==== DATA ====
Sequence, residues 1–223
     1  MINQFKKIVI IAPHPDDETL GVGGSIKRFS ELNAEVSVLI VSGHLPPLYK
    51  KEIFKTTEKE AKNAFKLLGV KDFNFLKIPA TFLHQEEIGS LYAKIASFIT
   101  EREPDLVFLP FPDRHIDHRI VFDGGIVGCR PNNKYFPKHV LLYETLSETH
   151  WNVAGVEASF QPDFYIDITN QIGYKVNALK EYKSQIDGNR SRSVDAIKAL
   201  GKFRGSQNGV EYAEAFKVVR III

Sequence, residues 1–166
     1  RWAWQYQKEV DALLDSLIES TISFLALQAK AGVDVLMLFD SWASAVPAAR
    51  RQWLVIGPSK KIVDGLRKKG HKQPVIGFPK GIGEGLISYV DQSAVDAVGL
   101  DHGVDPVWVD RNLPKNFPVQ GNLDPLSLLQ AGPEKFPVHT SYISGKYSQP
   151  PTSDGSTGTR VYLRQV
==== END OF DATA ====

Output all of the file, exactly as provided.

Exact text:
Sequence, residues 1–223
     1  MINQFKKIVI IAPHPDDETL GVGGSIKRFS ELNAEVSVLI VSGHLPPLYK
    51  KEIFKTTEKE AKNAFKLLGV KDFNFLKIPA TFLHQEEIGS LYAKIASFIT
   101  EREPDLVFLP FPDRHIDHRI VFDGGIVGCR PNNKYFPKHV LLYETLSETH
   151  WNVAGVEASF QPDFYIDITN QIGYKVNALK EYKSQIDGNR SRSVDAIKAL
   201  GKFRGSQNGV EYAEAFKVVR III

Sequence, residues 1–166
     1  RWAWQYQKEV DALLDSLIES TISFLALQAK AGVDVLMLFD SWASAVPAAR
    51  RQWLVIGPSK KIVDGLRKKG HKQPVIGFPK GIGEGLISYV DQSAVDAVGL
   101  DHGVDPVWVD RNLPKNFPVQ GNLDPLSLLQ AGPEKFPVHT SYISGKYSQP
   151  PTSDGSTGTR VYLRQV